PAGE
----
Except, they are at a distance from me, my phone works by sending microwave radiation which is a sort of light, that takes a certain time, and so there's a propagation delay. If they are approaching me, I say something into my phone, and they wait a few seconds, and then they hear me speaking very fast. Then they say something into their phone and I wait a few seconds and I hear them speaking very fast. The contradiction is resolved by this time delay. (And the argument was always specious, it required using a formula for the Doppler effect in classical mechanics and correcting for it in relativistic mechanics. If you want I could slow down their speech with a Doppler approximation and they could slow down mine and we would agree that the other person seems sluggish. If we did this with real phones, they probably send datagrams and we wouldn't hear anything different, they would just start “buffering” if we were moving away from each other and they couldn't get enough data fast enough to fill their buffers.)

If information could propagate instantaneously, no time delay, nowhere for the contradiction to hide, and yes, Nature would have to anoint one of us as right and the other as wrong. But as far as we can tell nothing goes faster than the speed of light and the speed of light is not fast enough to decide who is right.

So everybody sees everyone else's clocks moving slowly, except that this is based on a classical reconstruction because the effect is second order and is overwhelmed by the first order effect of the Doppler shift.

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  • $\begingroup$ I don't understand again. You are saying a clock moving away from you would tick slower. However I thought Lorentz Transformation finds what is observed by the other observer(in this case spaceship S'). So spaceship S' observes 1.2 sec. Spaceship S apparently records 1.6 sec. Spaceship S' and S, I think, are looking at clocks within their own spaceships. I don't see when they would be looking at the clock in the other spaceship and when the effect you are talking about would play a part. $\endgroup$ Commented Feb 24, 2023 at 2:56
  • $\begingroup$ The Lorentz transformation does not tell you what is literally observed, it tells you what you would classically reconstruct in your coordinate system based on your observations. For example: you might believe that if you saw a ball moving past you at relativistic speeds, it would appear to be a “pancake” due to length contraction. This is incorrect, it is a theorem of special relativity that anything which presents a circular outline will continue to do so under Lorentz boosts; instead it will appear strangely rotated to your eye (an effect called Terrell rotation). $\endgroup$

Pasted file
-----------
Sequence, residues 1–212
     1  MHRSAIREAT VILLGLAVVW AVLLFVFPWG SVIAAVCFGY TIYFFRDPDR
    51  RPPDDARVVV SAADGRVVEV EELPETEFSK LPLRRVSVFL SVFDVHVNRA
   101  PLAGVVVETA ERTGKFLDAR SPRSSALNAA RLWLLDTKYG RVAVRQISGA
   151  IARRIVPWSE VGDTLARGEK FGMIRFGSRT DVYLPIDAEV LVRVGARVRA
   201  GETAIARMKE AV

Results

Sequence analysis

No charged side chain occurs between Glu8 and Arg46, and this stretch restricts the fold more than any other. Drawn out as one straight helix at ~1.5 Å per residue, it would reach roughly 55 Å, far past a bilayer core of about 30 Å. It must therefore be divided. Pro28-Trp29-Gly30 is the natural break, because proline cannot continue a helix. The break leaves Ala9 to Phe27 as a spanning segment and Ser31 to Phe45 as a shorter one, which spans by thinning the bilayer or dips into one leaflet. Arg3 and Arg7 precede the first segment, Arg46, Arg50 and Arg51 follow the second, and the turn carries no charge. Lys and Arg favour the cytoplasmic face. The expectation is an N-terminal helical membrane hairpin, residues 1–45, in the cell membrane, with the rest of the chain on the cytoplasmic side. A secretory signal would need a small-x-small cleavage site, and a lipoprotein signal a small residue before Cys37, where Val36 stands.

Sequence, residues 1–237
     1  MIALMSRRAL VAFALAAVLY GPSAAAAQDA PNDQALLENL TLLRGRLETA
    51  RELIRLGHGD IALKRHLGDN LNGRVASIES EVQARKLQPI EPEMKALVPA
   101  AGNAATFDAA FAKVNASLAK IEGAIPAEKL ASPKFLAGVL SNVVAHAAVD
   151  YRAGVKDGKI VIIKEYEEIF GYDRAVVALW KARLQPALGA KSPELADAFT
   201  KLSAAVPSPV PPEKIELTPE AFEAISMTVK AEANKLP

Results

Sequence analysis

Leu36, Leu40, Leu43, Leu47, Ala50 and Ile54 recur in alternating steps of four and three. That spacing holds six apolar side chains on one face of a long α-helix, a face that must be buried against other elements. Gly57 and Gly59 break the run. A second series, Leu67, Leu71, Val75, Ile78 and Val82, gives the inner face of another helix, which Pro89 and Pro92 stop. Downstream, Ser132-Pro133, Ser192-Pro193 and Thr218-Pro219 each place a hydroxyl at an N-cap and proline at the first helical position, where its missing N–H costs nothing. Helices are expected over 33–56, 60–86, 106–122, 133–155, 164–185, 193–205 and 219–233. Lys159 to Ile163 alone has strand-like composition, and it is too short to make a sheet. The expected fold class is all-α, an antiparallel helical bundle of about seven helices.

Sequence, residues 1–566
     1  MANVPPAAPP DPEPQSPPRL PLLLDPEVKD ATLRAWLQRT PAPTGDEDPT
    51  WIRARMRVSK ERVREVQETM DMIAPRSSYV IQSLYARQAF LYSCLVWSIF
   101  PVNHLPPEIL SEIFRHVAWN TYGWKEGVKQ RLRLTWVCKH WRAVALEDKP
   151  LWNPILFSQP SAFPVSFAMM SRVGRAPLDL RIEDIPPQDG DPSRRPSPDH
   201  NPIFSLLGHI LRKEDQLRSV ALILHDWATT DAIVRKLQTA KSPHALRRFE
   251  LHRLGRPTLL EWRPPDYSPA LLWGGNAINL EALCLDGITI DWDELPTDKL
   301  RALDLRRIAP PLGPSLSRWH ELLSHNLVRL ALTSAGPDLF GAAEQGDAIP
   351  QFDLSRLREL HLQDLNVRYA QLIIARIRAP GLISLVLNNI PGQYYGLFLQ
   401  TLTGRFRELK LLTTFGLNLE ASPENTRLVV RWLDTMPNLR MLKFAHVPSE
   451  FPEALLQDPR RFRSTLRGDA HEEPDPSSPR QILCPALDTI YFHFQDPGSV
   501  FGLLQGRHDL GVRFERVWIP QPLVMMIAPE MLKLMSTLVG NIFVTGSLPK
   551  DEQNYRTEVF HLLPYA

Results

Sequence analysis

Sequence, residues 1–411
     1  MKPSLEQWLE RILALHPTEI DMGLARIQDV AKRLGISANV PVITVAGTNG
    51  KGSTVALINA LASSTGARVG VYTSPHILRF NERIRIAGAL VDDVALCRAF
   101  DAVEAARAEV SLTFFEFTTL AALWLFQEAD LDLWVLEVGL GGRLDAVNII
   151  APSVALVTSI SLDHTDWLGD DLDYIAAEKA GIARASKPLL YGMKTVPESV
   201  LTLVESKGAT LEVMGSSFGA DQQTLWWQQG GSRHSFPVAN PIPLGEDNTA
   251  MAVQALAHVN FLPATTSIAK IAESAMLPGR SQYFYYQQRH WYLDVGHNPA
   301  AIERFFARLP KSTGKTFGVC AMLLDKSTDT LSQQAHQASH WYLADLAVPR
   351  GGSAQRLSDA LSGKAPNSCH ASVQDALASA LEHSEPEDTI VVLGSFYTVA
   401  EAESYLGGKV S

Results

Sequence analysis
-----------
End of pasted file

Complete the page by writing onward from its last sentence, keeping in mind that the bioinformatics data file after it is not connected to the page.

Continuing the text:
– CR Drost
    Commented Feb 24, 2023 at 18:42
  • $\begingroup$ Please can you explain why the effect you talk about would even arise in the first place. Because I can clearly classically reconstruct that the S is not recording time with S' clock. Sorry if I am sounding mad. No one here is explaining why spaceship S clock is greater in the first place. $\endgroup$ Commented Feb 26, 2023 at 4:18
  • $\begingroup$ So “why does it even arise in the first place” is a tricky question and my answer is just that we happen to live in a world where, whenever you accelerate in some direction $\hat x$ with acceleration $a~\hat x$, then as far as you can tell when propagation delays and classical Doppler is corrected for, any clock ahead of you by coordinate $x$ ticking at rate $f$ appears to have ticked anomalously at rate $f~(1+a~x/c^2).$ Time dilation and length contraction are second order effects of this basic effect, this is the most important thing to understand about the Lorentz transformation. $\endgroup$
    – CR Drost
    Commented Feb 26, 2023 at 5:21
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You cannot tell which is moving faster, only which appears to be moving faster to the observer. Spaceship S sees S' as moving at c/2 while S is not moving. Spaceship s' sees the reverse: S is moving at c/2 while S' is not moving.

Spaceship S' emits a signal that lasts for 1.2 seconds on the S' clock. Spaceship S receives the signal that lasts 1.6 seconds on the S clock. The term "proper time" is the time an event takes when the entire event occurs at the same location. S' observes the proper time. The device emitting the signal does not change for observers on spaceship S'. Proper time is always the shortest time.

The time duration of the signal would change even without relativity. The signal must travel from S' to S. They are together when the signal begins. They are far apart when the signal ends. The end of the signal must travel quite a distance before spaceship S receives it. This is part of the extended time for S. Shifting of distance and time due to special relativity also contribute.